Pursuant to the Immigration Reform and Control Act (IRCA), since 1986 Employers have been required to verify an employee’s authorization to work in this country. An Employer’s failure to obtain the verification, or failure to retain the Form I-9 containing required information, has always carried with it significant civil and criminal sanctions. The Form I-9 has changed over the years.
The United States Department of Homeland Security Citizenship and Immigration Services (USCIS), the agency responsible for enforcing the IRCA, has continuously upgraded its enforcement efforts and has changed the Form I-9 several times. The latest Form I-9 has been issued and must be used for all individuals hired on or after May 8, 2013.
Although the changes are not dramatic, careful attention must be given to Form I-9 preparation. The Form I-9 now consists of two pages and periodically refers the preparer (an employee or employer, depending on the section of the Form) to “see instructions”. The Instructions consist of six pages and address most questions a preparer is likely to have and are titled “Instructions for Employment Verification”.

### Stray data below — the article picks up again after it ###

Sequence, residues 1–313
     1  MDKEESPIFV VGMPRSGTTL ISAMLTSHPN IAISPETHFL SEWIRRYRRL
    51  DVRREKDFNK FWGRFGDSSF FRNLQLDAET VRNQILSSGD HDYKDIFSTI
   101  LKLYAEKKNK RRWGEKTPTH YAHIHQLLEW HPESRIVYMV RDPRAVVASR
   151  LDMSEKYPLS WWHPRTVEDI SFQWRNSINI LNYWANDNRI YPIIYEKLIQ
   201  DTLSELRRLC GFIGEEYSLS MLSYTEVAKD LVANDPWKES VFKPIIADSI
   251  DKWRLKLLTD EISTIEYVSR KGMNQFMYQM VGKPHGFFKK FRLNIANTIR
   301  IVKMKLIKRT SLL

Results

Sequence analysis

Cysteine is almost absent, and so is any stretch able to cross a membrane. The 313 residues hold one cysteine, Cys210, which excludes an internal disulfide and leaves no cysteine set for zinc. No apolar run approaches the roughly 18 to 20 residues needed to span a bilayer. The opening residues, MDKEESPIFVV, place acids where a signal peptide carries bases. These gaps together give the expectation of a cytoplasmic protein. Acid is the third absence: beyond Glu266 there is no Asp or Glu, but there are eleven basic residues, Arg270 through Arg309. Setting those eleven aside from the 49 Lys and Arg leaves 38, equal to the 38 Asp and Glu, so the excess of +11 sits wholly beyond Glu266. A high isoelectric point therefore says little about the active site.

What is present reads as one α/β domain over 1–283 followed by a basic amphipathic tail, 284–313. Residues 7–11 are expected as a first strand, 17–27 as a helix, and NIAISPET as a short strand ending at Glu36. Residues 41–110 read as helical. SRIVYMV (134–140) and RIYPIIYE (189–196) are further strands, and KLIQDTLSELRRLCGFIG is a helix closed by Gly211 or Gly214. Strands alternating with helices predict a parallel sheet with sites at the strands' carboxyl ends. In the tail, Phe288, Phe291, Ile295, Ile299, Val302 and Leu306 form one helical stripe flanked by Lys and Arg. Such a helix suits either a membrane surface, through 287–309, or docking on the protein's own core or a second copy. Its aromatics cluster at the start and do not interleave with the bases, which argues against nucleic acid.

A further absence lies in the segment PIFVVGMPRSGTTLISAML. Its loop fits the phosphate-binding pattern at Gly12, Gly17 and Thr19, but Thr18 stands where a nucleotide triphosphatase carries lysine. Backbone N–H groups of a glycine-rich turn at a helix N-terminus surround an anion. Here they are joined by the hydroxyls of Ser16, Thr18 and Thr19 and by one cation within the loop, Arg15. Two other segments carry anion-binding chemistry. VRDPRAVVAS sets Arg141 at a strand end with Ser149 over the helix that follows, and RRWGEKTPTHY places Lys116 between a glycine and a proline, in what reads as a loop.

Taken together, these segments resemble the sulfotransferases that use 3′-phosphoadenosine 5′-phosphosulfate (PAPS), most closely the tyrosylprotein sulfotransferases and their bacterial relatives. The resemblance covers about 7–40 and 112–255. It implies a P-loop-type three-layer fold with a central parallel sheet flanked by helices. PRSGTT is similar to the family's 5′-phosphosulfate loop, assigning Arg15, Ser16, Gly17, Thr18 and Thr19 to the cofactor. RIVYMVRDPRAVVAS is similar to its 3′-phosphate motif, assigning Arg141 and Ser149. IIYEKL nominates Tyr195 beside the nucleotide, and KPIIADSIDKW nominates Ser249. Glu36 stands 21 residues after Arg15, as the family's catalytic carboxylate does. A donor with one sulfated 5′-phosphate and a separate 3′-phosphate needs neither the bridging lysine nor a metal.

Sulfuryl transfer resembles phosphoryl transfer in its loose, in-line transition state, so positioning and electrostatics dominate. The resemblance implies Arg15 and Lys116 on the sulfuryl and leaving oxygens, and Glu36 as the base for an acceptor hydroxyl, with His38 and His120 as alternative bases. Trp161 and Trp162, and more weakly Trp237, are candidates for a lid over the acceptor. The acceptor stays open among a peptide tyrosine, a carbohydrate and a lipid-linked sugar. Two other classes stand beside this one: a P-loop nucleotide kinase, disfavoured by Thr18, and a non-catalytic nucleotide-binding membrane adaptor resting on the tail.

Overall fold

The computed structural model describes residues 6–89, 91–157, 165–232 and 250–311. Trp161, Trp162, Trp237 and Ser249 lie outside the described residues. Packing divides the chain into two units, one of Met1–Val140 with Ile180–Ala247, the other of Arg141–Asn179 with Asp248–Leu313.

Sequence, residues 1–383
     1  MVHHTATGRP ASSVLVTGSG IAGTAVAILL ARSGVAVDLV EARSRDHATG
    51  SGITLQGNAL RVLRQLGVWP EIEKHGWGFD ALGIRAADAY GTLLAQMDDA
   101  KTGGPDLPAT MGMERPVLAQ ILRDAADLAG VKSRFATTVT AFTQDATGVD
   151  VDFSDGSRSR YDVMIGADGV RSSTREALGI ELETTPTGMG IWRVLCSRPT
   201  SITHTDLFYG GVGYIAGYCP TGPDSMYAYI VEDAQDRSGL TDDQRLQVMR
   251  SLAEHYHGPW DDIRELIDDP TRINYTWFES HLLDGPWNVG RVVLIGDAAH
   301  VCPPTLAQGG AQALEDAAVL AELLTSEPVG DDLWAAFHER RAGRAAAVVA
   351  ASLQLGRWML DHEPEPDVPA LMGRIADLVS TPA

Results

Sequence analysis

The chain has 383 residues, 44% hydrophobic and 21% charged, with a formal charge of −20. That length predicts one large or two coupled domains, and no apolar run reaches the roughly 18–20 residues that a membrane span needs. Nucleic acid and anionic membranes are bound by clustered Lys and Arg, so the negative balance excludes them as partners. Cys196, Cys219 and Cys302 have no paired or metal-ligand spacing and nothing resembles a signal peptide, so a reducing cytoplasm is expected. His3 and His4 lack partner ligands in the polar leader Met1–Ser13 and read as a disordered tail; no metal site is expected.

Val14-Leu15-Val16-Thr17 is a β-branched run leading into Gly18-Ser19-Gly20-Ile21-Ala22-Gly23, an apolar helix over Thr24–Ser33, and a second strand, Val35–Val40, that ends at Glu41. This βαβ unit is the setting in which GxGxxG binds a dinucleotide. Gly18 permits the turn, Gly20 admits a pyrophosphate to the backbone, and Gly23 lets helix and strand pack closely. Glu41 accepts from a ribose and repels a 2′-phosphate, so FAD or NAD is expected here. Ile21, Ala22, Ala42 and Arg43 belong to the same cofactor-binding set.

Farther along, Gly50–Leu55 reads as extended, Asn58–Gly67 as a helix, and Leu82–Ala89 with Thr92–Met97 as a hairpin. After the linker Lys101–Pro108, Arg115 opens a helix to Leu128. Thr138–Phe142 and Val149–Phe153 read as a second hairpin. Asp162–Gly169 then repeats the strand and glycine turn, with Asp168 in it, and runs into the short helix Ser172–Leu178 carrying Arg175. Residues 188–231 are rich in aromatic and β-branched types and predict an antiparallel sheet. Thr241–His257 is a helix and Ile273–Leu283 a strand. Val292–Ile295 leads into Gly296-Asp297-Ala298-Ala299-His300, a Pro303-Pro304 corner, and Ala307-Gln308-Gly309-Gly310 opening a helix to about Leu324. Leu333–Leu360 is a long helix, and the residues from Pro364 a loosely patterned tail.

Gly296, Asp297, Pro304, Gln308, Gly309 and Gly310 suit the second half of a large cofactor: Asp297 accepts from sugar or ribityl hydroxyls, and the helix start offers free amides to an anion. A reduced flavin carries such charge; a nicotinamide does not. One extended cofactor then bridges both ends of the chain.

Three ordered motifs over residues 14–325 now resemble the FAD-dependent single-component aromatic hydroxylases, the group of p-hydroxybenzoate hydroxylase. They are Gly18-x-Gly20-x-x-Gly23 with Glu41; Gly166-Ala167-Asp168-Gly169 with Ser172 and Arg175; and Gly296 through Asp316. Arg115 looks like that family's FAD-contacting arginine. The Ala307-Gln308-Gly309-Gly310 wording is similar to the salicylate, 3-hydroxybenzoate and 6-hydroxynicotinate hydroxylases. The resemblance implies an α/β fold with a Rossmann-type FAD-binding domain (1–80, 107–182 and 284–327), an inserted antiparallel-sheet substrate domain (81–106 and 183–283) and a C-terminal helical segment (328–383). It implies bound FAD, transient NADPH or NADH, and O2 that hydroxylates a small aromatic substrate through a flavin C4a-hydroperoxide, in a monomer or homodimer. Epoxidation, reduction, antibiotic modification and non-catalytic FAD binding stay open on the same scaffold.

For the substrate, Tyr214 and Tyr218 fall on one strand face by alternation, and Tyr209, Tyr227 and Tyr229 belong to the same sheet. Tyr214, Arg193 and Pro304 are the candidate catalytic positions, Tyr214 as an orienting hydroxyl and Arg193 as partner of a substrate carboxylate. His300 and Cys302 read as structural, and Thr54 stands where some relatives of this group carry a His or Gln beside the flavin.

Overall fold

As in the past, Employment Eligibility may be verified by an individual’s presentment of either a List A document or, alternatively, by presentment of a List B and List C document. There is a new list of documents which qualify as List A, B, or C documents (“List of Acceptable Documents”). An Employer must be very careful in its identification of acceptable documentation as the List A, B, or C documents have changed significantly over the years.
The foregoing Form I-9, Instructions for Employment Eligibility Verification and List of Acceptable Documents may be obtained by visiting the U.S. Citizenship and Immigration Services.
If you have any questions or would like assistance in connection with the new Form I-9, please contact Jon Farrell or Peter Schneider, co-chairs of the Labor & Employment Law Practice Group at Meltzer Lippe.